How to Teach Coding in the Classroom: Resources for Teachers

teach coding in the classroom

You’ve probably heard the buzz about coding in the classroom, and you may even have thought about integrating it into your classroom, but just where do you begin? In this post I will run through a few of the most popular online services that are designed to help you and your students get up and coding in no time at all.

1. Scratch and Tynker – One of the best introductions to coding can be had with either Scratch or Tynker. Both are free. Both give you the building blocks of creating code in a visual, sandbox environment. Scratch is a project that came from MIT. It used to be a program you had to download to use, but it can now be utilized completely online. Tynker is an offshoot of Scratch. It looks and works in a very similar way, but has a few more teacher management controls. Use Scratch or Tynker with elementary students and beyond.

2. Codecademy – I love Codecademy. It takes things one step beyond the basics and has you writing some actual code, but it is also a one-stop shop for all your coding needs. It has a variety of stepped tutorials that walk you through the programming language of your choice based on no previous experience. Javascript, Python, HTML, PHP and Ruby are among your choices for your first coding expedition.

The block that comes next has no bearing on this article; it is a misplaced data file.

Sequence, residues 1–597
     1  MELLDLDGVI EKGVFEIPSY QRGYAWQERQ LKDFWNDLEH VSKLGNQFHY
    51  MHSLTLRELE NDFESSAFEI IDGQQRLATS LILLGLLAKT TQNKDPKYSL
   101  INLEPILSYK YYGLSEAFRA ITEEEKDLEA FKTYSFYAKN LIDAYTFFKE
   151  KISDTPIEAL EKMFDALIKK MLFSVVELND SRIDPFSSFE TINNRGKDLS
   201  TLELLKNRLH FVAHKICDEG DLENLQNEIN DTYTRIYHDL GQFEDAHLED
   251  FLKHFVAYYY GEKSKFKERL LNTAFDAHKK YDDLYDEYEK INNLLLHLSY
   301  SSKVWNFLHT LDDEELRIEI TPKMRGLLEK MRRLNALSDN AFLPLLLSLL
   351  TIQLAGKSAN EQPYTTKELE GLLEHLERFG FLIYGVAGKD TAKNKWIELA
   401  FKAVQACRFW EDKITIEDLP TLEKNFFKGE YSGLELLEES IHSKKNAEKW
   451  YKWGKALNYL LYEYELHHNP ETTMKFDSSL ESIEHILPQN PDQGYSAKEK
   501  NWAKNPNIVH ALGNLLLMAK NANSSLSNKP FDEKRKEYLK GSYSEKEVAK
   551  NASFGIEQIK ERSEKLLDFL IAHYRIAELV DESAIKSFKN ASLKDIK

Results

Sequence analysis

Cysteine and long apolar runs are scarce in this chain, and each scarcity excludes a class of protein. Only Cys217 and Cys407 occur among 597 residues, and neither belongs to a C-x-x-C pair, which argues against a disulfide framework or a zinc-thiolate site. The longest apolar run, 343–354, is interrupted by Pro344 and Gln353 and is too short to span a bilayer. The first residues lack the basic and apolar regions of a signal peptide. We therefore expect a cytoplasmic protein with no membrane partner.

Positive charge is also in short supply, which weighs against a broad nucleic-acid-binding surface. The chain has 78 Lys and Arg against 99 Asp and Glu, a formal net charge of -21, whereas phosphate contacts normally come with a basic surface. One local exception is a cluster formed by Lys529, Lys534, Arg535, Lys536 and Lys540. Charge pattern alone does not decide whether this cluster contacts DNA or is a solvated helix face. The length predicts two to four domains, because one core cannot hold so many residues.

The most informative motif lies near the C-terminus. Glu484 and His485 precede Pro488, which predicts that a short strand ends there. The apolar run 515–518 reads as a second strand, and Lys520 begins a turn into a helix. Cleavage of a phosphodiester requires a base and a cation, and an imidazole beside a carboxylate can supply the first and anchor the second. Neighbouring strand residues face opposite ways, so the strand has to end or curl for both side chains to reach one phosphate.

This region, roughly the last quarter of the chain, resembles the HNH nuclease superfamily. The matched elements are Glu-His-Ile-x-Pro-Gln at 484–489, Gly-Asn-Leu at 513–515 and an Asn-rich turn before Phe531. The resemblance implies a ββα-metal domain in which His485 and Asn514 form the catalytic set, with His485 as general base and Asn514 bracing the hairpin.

codecademy

3. Code Avengers – This is a great site for middle school and above. If Codecademy lacks a little personality for you, try Code Avengers. It has a superhero-esque theme with a built-in gamification element that awards points, badges and games to keep the learning fun and addictive. HTML/CSS and Javascript are the main focus of this site.

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Why the Folder Gadget Beats Attachments in Google Sites

There are a number of ways that you can add file attachments to a Google Site. For instance, you can add files to the bottom of a page in the attachments area. You can also add a File Cabinet page. However, my favorite, by far, is the Folder gadget.

The folder gadget lets you display the contents of a Google Drive Folder on a Google Site. You add your folder by editing a page and going to Insert > Drive > Folder. Then you select the folder from your Google Drive that you want to add to your Google Site.

insert folder in google sites

For me, the Folder gadget has a number of advantages over page attachments or a file cabinet page. Here are a few of the important differences:

1. Updates: The problem with attachments and file cabinet pages is that every time you update a document, you need to remove the one you had from a Google Site and upload the latest version. If you use Google Docs, Spreadsheets or Presentations, you can log in to your Drive account, and edit the document. Because the file is in a folder that is embedded on your Google Site, the latest version of the file is automatically pushed to your website. This is great for teachers who update a syllabus or other class documents.

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How to Hide iPad Apps and Put Folders in a Folder!